Looking for Bill

LAKE KI RV RESORT,Arlington, Washington

We parked the RV
To face the water
And see the reflections
Across the lake.
A towhead of five
Out fishing with Dad
A fish he has caught
What fun for the day.
The ducks come to play
With their babies behind,
They dive and splash
And swim in a line.
The briars are blooming
With bees buzzing through.
Can’t wait until August
Plump blackberries to chew.
Brave Morning Glory
Through briars twine
With lovely white blossoms
Raised to the sun.
Out on the grass;
A gander stands guard,
While goose and gosling
Eat in peace.
And here comes a bunny
So timid and shy,
He nibbles some grass
And goes back to hide.
Boats glide on the lake
With fishermen holding
Poles in the water.
Oh! Look, he caught one.
A bit of a tussle
Winding the reel,
The fish on the end
Still wants to be free.
Fresh from the Lake
He brings them to me
I cook them up,
Oh! How tasty they be.
The lily pads floating
Out on the lake
Shoot out great blossoms
Bright yellow in the sun.
Among the reeds,
What do I see?
A big green bull frog
Looking back at me.
Lake Ki Resort
A great place to be
The peaceful lakeThe beautiful shore.

We had a great time at the Lake Ki RV Resort. We were parked with the front window of the motor home facing the lake. It was a beautiful lake with lily pads on the surface and Russian iris along the banks. The lawns were clean and groomed. Across the lake, houses were reflected in the water.

There was a parking area and people came to fish from the shore. Most of them caught all they wanted. Usually, one or two boats with fishermen would be out on the lake. They also caught their fair share of fish.

We were able to take time to visit our nephew Drake Mesenbrink and his family in Poulsbo, Washington, and my aunt and uncle, Bette and Joe Hagman, in Seattle.

We have talked to five Lions Clubs and two Senior Citizen Centers about Lewy Body Dementia. They were very interested in LBD.


When farm equipment would break down, as all farm equipment does, Bill would be out there working on it. He enjoyed working on the equipment as much as running it. He would fix tractors, change the belt on the swather, work on the baler, weld what needed welding. It seems there was always something that needed to be fixed.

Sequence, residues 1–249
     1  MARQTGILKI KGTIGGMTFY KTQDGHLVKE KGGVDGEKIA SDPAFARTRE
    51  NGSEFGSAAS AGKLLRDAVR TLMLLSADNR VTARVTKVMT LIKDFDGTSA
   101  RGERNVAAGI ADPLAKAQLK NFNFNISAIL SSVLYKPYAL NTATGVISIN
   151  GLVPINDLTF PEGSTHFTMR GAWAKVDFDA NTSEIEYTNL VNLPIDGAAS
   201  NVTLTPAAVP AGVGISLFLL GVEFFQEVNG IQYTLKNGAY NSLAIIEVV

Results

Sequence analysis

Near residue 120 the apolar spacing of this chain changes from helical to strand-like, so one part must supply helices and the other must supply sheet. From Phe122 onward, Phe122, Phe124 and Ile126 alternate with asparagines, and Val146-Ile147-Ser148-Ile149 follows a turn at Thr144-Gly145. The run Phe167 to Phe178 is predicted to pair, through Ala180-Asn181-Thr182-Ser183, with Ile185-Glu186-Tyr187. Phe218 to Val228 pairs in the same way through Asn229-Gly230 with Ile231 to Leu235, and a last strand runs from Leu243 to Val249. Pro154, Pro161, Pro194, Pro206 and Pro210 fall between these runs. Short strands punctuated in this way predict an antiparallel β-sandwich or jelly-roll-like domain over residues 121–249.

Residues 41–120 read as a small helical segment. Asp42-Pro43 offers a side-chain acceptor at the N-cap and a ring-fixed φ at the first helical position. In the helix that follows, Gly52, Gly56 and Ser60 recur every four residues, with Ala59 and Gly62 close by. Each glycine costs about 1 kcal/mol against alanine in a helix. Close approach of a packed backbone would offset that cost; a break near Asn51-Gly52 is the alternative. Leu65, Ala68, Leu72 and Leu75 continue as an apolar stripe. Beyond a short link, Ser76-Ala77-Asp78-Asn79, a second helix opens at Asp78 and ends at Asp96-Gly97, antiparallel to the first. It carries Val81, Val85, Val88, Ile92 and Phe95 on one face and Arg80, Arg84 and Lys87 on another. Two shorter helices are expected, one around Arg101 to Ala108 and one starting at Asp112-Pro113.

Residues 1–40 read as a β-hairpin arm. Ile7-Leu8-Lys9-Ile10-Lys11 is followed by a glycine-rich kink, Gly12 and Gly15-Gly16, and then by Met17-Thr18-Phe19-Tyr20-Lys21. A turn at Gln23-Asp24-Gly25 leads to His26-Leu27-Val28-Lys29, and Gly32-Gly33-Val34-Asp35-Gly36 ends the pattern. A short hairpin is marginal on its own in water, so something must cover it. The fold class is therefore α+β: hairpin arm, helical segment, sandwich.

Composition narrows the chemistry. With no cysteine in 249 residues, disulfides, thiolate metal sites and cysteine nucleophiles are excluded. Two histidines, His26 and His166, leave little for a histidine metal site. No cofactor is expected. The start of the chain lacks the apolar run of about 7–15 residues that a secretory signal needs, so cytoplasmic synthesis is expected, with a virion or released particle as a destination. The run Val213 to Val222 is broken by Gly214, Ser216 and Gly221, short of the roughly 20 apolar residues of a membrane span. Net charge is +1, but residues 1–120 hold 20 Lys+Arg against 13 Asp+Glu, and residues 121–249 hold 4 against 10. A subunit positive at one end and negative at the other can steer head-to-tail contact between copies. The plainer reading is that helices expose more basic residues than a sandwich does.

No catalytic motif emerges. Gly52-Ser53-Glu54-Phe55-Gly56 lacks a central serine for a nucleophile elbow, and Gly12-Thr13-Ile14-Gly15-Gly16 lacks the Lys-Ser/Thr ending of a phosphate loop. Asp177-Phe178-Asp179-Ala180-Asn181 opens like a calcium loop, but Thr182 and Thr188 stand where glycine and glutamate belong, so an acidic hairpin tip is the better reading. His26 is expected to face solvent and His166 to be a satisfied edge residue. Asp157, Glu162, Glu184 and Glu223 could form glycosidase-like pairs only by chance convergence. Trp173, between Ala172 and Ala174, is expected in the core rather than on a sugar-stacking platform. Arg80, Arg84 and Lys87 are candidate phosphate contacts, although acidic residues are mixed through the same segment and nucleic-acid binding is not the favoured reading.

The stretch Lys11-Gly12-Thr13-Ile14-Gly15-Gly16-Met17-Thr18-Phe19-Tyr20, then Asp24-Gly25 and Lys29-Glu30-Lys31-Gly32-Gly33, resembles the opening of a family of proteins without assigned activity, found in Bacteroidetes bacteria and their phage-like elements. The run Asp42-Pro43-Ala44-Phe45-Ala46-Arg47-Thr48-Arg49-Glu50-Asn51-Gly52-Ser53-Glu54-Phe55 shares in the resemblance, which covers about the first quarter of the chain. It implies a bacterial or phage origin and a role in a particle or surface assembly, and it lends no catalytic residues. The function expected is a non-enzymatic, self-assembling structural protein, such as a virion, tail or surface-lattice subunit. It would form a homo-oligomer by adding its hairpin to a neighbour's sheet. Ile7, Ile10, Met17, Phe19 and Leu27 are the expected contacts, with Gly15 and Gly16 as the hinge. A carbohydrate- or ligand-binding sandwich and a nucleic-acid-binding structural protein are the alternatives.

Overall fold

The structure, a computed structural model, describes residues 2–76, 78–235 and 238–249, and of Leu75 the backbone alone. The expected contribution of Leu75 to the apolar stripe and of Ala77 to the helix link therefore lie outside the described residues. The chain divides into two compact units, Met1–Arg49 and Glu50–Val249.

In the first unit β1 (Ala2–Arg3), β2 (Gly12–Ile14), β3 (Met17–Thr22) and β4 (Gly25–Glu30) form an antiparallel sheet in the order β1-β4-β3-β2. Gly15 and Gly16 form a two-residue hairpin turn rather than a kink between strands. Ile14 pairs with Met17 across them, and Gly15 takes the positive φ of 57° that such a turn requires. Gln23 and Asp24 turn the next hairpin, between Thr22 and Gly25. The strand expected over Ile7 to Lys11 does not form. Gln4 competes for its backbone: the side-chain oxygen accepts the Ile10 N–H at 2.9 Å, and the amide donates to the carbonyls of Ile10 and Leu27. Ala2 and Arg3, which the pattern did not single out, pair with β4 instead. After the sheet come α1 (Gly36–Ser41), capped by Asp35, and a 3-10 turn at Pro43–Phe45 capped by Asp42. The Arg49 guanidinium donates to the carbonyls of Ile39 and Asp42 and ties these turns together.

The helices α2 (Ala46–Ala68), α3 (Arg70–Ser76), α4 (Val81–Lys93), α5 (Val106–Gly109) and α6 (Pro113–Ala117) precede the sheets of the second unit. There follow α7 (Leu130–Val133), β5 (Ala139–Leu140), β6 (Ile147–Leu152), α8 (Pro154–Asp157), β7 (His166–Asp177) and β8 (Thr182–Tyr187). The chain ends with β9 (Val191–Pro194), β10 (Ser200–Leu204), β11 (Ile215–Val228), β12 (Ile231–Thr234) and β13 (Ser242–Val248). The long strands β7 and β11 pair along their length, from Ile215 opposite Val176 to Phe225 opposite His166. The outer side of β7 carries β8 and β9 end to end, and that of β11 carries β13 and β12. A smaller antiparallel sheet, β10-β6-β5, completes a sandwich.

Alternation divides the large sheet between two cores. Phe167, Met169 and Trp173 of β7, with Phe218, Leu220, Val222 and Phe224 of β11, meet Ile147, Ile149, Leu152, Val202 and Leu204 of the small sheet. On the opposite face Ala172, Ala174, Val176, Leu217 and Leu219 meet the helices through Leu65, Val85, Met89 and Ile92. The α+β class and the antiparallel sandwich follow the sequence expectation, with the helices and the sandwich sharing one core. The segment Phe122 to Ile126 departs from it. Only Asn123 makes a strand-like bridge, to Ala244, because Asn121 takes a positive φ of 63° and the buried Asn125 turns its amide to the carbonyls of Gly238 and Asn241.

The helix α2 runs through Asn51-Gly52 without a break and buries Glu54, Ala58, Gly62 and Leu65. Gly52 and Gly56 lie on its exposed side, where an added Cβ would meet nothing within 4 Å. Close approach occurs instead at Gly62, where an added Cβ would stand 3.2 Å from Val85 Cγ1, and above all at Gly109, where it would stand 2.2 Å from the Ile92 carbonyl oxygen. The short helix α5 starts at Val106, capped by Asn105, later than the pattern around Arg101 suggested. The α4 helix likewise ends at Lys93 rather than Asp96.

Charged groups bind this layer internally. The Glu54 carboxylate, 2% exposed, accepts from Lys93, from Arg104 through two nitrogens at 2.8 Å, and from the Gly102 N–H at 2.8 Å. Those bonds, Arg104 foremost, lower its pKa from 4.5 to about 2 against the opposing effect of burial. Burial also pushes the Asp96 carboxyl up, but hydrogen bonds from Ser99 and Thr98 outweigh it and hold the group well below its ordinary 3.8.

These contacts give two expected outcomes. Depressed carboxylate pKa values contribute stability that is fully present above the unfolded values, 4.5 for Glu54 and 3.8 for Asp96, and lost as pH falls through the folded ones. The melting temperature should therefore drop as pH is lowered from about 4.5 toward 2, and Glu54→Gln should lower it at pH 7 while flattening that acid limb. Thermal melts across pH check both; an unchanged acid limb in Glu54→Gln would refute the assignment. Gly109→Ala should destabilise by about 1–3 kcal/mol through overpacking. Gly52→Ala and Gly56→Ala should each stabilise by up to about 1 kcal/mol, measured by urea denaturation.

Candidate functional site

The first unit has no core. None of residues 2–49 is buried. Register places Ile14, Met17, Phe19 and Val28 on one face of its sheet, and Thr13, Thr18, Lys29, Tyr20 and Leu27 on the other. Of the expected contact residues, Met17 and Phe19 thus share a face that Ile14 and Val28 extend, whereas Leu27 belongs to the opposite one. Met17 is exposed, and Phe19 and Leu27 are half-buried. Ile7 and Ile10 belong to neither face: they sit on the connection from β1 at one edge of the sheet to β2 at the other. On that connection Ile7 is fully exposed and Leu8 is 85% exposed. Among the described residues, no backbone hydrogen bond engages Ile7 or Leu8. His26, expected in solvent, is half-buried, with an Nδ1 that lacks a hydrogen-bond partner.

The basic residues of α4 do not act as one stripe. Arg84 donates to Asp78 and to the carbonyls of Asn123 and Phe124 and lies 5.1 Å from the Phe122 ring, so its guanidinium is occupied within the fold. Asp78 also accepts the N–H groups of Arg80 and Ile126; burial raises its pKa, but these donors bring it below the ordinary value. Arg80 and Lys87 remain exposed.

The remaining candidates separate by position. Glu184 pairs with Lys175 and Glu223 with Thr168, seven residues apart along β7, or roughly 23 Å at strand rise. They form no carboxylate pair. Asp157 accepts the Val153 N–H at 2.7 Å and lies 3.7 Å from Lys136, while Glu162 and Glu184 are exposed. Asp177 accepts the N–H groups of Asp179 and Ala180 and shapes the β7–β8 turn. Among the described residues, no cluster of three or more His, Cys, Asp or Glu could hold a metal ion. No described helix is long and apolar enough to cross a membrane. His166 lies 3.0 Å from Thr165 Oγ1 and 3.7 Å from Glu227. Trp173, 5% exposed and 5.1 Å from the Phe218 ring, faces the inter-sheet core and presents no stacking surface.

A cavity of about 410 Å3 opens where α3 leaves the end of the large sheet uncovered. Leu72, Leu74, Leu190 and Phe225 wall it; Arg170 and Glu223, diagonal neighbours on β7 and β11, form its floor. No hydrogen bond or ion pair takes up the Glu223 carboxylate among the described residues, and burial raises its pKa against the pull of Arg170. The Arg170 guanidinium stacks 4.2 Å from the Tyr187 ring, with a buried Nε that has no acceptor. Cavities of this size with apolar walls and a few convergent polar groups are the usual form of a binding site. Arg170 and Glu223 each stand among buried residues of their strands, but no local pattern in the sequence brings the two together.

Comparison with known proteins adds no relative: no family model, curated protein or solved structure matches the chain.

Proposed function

I would many times be the gofer. He would send me after the part, and when I got to the John Deere store or wherever, I would ask for the part and they would give me several choices or size selections. I’d have to call Bill to find out which one to buy–this was before cell phones. It always helped if I had the part with me.

Sometimes, his brother would help. Bill was the one who came in with grease from his nose to his toes, and all over his clothes. His brother would come in with not a spot on him and he’d worked just as hard.

Bill kept the cars in shape so I never had to worry about oil or grease jobs or anything. He was the mechanic who fixed the cars. He put new motors in the cars if needed, always tinkered with them–just kept the cars shipshape for me to drive. He taught me that every time I filled up with gas, I was to check the oil.

One time Bill had gone to a meeting and I needed to go to work at 10:30 p.m. for the graveyard shift. He had my car and hadn’t come home yet. I took his car and started out. There was a rest area on the freeway on the way to work, and that is where I ran out of gas.

There was a telephone at the rest area, so I went to call to see if he was home yet and could come get me. No one answered. I walked back to the car and was a bit upset. Just as I got to the car, he showed up. He had gone home, hadn’t even gotten out of the car, and just knew I was in trouble and came to check. He took me to work.